Bond yields jump as they begin to price in more BOE rate hikes, and higher for longer than previously imagined.
By Wolf Richter for WOLF STREET.
Inflation is infamous for its head-fakes and has a tendency to dish out one nasty surprise after another – at least for observers that keep expecting that inflation will somehow go down on its own. Today, the inflation shocker occurred in the UK. And this is a warning for all economies: inflation has gotten solidly entrenched in services, and is getting even worse.
Core CPI spiked month-to-month by a scary 0.8% in May, which translates into an annualized spike of 10%, according to data from the UK Office of National Statistics (ONS) today.
Year-over-year, core CPI spiked by 7.1%, the worst since March 1992. Core CPI excludes energy, food, alcohol, and tobacco. It has now left in the dust the false-hope declines that started in November.
|Major Components, Core CPI||MoM||YoY|
|Housing, household services||0.3%||7.3%|
|Furniture and household goods||1.1%||7.5%|
|Recreation and culture||0.7%||6.8%|
|Restaurants and hotels||1.0%||10.3%|
|New and used vehicles||0.5%||4.2%|
|Miscellaneous goods & services||0.6%||6.7%|
Services CPI spiked by 0.8% in May from April (10% annualized) powered by the spikes in routine maintenance +1.2%, transportation services +3.3%, including air fares +20%, recreational and cultural services +1.1%, insurance +1.1%.
Housing and household services rose “only” 0.3% for the month (but was up 7.3% year-over-year).
Year-over-year, the service CPI spiked by 7.4% in May. Inflation in services is notoriously hard to stamp out. And it’s where all heck has now broken loose – in what is a global phenomenon.
Food inflation rages at a slightly less horrible pace. The CPI for food and non-alcoholic beverages spiked by 0.9% in May from April (11% annualized), which is terrible, but it’s less terrible than in prior months. Bread and cereal: +0.8%; fish +1.8%; oils and fats +0.9%; vegetables +2.1%; sugar, jam, syrups, chocolate, and confectionary +1.7%; mineral water 1.1%.
But coffee, tea, and cocoa fell 1.6% month-to-month; fruit and meat rose “only” 0.4%; and milk, cheese, and eggs rose “only” 0.5% (that’s still 6.2% annualized).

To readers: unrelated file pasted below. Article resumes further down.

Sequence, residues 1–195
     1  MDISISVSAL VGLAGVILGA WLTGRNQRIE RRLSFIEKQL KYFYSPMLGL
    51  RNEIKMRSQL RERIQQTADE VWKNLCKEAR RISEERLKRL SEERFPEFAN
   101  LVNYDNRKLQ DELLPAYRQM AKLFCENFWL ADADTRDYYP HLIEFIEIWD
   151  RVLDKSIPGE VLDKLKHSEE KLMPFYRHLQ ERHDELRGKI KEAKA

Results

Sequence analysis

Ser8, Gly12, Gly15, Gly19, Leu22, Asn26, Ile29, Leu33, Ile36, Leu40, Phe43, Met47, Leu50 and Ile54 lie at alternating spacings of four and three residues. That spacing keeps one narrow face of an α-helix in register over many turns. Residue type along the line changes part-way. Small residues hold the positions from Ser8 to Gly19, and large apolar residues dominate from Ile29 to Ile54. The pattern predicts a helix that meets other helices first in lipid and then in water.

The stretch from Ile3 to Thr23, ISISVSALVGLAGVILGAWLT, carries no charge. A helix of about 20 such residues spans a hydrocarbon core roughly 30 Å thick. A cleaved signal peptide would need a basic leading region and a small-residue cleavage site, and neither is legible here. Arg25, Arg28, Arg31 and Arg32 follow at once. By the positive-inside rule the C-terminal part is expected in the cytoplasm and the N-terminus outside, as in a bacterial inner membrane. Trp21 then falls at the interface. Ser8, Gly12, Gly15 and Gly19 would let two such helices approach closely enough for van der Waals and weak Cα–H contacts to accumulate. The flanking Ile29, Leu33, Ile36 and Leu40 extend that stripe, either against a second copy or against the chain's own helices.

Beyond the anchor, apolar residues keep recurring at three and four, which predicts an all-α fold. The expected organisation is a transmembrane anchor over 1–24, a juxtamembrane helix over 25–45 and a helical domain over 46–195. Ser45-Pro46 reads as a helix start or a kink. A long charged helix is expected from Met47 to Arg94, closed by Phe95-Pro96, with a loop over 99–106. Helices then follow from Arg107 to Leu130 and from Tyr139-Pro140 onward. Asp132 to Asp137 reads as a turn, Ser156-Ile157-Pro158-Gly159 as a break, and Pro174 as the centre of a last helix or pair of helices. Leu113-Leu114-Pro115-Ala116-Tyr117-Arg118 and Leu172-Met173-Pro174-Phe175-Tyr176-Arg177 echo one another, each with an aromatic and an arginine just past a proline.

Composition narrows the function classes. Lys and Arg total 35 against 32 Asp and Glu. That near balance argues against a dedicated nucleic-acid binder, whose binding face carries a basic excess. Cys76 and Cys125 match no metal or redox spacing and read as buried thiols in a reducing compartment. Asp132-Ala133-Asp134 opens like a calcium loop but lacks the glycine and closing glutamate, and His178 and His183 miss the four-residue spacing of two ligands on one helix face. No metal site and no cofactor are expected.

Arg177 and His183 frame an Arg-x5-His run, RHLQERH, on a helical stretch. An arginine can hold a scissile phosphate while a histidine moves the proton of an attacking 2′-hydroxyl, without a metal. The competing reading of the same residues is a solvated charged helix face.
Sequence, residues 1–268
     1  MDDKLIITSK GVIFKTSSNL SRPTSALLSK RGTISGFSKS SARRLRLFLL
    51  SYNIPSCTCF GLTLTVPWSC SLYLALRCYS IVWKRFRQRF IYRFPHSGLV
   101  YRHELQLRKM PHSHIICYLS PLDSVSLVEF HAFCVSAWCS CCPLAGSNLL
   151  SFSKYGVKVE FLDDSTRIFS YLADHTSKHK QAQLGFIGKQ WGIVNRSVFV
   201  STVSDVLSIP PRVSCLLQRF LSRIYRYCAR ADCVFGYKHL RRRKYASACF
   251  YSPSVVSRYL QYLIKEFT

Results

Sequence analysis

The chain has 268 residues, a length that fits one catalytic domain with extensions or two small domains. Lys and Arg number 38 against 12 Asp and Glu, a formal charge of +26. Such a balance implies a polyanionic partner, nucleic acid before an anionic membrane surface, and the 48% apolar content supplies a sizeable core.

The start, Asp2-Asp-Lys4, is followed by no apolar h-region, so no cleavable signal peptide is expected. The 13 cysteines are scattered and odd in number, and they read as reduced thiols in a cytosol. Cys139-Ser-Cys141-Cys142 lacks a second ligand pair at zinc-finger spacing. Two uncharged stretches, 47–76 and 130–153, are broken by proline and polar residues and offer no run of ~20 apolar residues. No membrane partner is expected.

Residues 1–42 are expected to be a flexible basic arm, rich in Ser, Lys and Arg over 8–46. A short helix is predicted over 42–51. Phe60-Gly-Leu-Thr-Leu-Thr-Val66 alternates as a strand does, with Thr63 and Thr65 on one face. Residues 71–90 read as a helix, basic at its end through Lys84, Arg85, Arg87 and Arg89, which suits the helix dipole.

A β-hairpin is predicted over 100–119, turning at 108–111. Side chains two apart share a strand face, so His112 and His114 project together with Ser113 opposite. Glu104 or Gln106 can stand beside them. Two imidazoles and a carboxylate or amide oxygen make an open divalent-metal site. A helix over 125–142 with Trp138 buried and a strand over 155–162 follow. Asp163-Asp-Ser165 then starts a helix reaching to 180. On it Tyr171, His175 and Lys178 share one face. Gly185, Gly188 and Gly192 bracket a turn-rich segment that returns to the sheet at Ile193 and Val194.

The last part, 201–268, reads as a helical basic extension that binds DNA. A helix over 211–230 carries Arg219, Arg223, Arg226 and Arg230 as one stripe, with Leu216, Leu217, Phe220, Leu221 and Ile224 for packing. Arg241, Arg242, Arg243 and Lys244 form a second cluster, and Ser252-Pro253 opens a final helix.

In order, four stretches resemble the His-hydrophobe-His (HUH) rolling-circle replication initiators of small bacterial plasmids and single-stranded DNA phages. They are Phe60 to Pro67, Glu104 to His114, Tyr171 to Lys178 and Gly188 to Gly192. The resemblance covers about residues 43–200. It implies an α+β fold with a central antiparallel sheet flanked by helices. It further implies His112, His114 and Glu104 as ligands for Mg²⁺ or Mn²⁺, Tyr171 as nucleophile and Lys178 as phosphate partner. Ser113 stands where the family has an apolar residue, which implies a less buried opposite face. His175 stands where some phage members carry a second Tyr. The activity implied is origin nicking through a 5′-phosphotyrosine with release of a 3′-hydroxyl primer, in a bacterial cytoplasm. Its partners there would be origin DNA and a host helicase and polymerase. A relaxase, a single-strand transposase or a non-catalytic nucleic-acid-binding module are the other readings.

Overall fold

Year-over-year, the CPI for food soared by 18.4% in May, and while horrible, it was down from 19.1% in April and from 19.2% in March, the worst since 1977, according to the ONS’s “indicative modelled estimates” (its actual CPI data don’t go back that far).
But don’t blame Brexit for food inflation: there are countries in Europe with worse food inflation, including 34% in Hungary. In Germany, which didn’t have a Dexit or whatever, food inflation was 14.9% in May.
But motor fuel prices plunged by 13.1% year-over-year, after having spiked by as much as 44% last summer.
Overall CPI jumped 8.7% in May year-over-year, same as in April, and by 0.7% month-over-month (8.7% annualized), despite the plunge in motor fuels. Overall inflation had peaked at 11.1% in October.
This is the case everywhere globally: Plunging energy costs have pulled down overall inflation indices, even as the indices for underlying inflation, such as core CPI and services CPI, continue to rage near or at multi-decade worst levels. This scenario is now playing out wonderfully in the US and in the Eurozone:
But don’t blame Brexit for inflation in the UK: there are 10 countries in continental Europe with worse overall CPI inflation:
The one-year UK government bond yield, in reaction to the inflation news, rose by 12 basis points to 5.20%, the highest since 2008, as it begins to price in higher BOE policy rates than previously expected:
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